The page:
Steps for Writing Functions • Identify the inputs, processes and outputs that your main function will handle. • Identify the inputs, processes and outputs that other functions will handle. • Develop pseudocode for each of your functions. • Code your program.
Guidelines for Writing Functions • Have your main function handle (a) getting initial inputs from the user, (b) processing of those inputs (if necessary) and (c) outputs to the user ONLY. Your main function should do little else. • Keep function length short – about 1 editor screen per function, give or take. • Use the main function as a mechanism for communicating among functions.
Let’s Try One! • PROBLEM:“Develop an application for car loans. Your application will ask for the sales price, down payment amount, APR and the length of the loan (in months). Using the formula on the next screen, your program will return a monthly payment.”
Step 1a – Identify Inputs for main() • Yes/No to question “Do you want to calculate the monthly payment for a car loan?” (Validate for Yes/No) • Sales Price (Validate for Number) • Down Payment (Validate for Number) • APR (Validate for Number) • Length of Loan (In Months; Validate for Number)
Step 1b – Identify Processes for main() • Call Yes/No validation function • Call number validation function • Calculate Loan Amount:Car Price – Down Payment • Convert APR from percentage format to floating point number:APR / 100 • Call function to calculate monthly payment • Concatenate output message
Step 1c – Output for main() • Output a message that includes loan amount, APR, monthly payment and loan length.
Step 2 for Yes/No Validator Function • Inputs: • Question to Ask (get from main()) • Default Text (get from main()) • Processes • Ask user the question and see if their answer did not equal “YES” AND did not equal “NO.” • If the user didn’t answer “YES” or “NO”, let them know that “YES” and “NO” are the only acceptable answers. Ask the user the question again until they answer “YES” or “NO.” • Outputs • Give the validated answer back to main().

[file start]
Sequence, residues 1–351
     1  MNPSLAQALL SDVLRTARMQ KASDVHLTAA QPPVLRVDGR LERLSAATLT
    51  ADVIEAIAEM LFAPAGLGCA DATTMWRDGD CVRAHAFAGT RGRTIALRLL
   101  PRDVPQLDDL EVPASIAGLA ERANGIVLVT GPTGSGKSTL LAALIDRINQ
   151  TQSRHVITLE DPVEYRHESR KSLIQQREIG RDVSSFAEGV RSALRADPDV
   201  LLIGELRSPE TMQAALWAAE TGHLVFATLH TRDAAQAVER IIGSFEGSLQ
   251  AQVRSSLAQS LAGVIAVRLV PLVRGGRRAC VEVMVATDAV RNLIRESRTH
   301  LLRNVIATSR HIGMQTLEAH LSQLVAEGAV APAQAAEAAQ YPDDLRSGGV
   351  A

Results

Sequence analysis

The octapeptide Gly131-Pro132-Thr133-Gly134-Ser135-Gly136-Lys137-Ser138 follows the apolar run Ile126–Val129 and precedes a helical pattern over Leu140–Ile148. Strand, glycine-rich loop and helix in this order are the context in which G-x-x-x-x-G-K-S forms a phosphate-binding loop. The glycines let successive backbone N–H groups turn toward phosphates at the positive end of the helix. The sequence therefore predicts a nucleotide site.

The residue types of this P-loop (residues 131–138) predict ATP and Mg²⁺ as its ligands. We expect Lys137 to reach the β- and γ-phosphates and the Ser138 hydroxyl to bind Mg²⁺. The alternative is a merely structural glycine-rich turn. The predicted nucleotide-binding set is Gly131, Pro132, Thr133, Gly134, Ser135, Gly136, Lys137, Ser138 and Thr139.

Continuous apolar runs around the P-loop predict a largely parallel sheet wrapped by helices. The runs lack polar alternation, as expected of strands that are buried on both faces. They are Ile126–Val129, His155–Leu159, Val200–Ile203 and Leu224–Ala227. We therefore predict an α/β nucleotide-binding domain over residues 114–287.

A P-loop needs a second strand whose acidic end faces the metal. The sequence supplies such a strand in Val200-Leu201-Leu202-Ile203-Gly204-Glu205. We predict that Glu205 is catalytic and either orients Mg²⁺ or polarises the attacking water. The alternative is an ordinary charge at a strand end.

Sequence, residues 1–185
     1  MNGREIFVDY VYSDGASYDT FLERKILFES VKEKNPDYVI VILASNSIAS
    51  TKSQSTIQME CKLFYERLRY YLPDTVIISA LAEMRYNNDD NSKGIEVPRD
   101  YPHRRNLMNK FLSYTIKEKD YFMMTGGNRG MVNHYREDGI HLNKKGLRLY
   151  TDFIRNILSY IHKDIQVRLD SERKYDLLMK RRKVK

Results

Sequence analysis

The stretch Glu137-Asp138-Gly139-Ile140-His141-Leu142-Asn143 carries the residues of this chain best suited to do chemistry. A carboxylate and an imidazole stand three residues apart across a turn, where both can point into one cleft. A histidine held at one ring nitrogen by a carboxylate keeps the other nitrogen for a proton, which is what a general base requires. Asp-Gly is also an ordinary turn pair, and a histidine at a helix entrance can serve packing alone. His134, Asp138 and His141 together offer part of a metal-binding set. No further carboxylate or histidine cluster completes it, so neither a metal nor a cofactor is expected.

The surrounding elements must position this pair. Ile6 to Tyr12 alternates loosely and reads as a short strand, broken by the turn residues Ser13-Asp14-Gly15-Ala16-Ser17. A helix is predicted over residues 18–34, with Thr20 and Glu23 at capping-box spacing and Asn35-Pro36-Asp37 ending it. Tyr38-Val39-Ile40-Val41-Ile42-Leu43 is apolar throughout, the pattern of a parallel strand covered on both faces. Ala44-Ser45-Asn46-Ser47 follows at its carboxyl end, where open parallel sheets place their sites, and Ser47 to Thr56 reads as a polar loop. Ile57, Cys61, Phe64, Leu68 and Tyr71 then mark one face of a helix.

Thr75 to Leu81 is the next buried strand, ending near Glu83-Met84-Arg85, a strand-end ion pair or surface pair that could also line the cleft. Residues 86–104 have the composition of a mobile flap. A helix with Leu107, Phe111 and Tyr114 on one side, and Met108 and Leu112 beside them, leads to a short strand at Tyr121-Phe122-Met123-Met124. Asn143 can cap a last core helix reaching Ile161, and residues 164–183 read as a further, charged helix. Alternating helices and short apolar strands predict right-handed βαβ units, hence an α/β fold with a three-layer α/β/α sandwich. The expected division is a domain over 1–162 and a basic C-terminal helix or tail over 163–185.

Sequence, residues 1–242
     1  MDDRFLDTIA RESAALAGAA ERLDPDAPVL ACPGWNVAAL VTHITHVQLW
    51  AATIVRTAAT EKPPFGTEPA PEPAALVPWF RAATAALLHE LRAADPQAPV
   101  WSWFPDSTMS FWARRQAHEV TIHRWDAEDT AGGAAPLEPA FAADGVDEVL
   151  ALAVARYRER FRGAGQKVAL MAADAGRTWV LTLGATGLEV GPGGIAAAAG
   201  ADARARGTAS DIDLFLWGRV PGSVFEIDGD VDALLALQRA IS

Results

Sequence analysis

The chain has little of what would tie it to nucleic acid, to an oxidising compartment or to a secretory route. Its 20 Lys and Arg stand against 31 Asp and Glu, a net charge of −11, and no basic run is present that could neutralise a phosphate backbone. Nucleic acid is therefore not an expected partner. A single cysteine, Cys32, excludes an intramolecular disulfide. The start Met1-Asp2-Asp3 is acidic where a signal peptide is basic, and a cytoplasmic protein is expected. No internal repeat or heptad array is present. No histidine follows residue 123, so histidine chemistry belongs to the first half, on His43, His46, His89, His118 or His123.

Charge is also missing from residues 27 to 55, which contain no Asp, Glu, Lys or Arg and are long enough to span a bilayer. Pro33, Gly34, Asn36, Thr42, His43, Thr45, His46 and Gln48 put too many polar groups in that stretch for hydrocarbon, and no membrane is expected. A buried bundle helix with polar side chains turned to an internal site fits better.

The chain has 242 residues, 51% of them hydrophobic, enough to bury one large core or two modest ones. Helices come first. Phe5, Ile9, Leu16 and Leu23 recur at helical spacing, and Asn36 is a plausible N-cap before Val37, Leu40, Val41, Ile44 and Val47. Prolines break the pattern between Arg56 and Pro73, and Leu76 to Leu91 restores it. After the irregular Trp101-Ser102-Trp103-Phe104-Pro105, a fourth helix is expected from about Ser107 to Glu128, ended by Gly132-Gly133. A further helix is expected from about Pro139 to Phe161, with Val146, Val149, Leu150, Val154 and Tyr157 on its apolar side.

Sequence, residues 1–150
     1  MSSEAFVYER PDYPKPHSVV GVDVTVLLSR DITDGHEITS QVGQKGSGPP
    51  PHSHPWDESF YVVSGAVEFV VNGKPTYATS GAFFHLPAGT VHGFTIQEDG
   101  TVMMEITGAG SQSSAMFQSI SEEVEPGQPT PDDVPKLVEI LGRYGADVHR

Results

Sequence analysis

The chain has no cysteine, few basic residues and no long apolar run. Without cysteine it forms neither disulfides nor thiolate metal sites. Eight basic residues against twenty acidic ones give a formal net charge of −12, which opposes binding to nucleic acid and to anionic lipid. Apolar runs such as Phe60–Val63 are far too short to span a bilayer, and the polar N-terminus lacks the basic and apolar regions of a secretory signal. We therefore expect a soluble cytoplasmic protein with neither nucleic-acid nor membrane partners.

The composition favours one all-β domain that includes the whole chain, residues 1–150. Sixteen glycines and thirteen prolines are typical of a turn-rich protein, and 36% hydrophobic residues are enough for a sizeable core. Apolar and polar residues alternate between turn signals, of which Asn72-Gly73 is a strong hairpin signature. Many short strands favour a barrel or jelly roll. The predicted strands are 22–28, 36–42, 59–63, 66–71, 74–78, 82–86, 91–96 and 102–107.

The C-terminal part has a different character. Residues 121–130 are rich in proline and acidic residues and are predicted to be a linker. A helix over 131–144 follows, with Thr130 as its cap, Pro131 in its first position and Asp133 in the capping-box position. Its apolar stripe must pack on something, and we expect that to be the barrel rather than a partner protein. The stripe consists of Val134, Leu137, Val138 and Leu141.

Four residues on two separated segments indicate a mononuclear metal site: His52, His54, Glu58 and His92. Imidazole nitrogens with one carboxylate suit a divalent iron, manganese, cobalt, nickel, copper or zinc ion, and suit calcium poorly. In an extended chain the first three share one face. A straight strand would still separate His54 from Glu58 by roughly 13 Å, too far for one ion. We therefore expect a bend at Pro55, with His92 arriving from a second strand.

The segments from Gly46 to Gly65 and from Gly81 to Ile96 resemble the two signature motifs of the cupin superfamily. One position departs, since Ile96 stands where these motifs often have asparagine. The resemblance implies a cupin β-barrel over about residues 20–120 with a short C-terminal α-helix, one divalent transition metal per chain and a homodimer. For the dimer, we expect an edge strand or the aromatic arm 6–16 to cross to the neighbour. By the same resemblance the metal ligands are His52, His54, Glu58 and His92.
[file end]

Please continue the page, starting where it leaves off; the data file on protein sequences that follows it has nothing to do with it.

Step 2 for Number Validator Function • Inputs: • Question to Ask (get from main()) • Default Text (get from main()) • Processes • Ask the user to enter a number and check to see if they entered data that can be converted to a number. • If the user didn’t enter numeric data, let them know that the program only accepts numbers. Ask the user the question again until they enter numeric data. • Outputs • Give the validated answer back to main().
Step 2 for Calculate Monthly Payment Function • Inputs: • Loan Amount • APR • Length of the Loan, in months • Processes • Figure the monthly interest:APR / 12 • Use the formula below to calculate monthly payment • Outputs • Give the monthly payment back to main().
Step 3: Develop Pseudocode • NOTE: Instructor will give you pseudocode in class.
Step 4: Code the Program • Finished Code: http://www.cs.iupui.edu/~rmolnar/n341/examples/n341WritingFunctions.html
Let’s Try Another One! • PROBLEM:“Develop an application to calculate a student’s semester grade. Your application will ask for the scores from three exams. The application will then calculate the average of the exam scores and return the average along with a letter grade. The teacher uses a standard grading scale.”
The Coded Product • Finished Code: http://www.cs.iupui.edu/~rmolnar/n341/examples/n341FunctionsPassingValues.html
Commenting Functions • In your code, you need to provide descriptive comments for each of your functions. • When writing function comments, include the following: • A brief (less than 1 line) description of the function • A list of arguments for the function • A list of values returned by the function • A statement of the function’s purpose
Commenting Functions • Example: /*FUNCTION: calcAvg() * *PARAMETERS: IntX, IntY, IntZ – All *integer numbers * *RETURNS: The calculated average; *stored in local variable rtnAvg * *PURPOSE: To calculate the average *of three integer values, passed *by a calling procedure and then *return that average to the procedure. */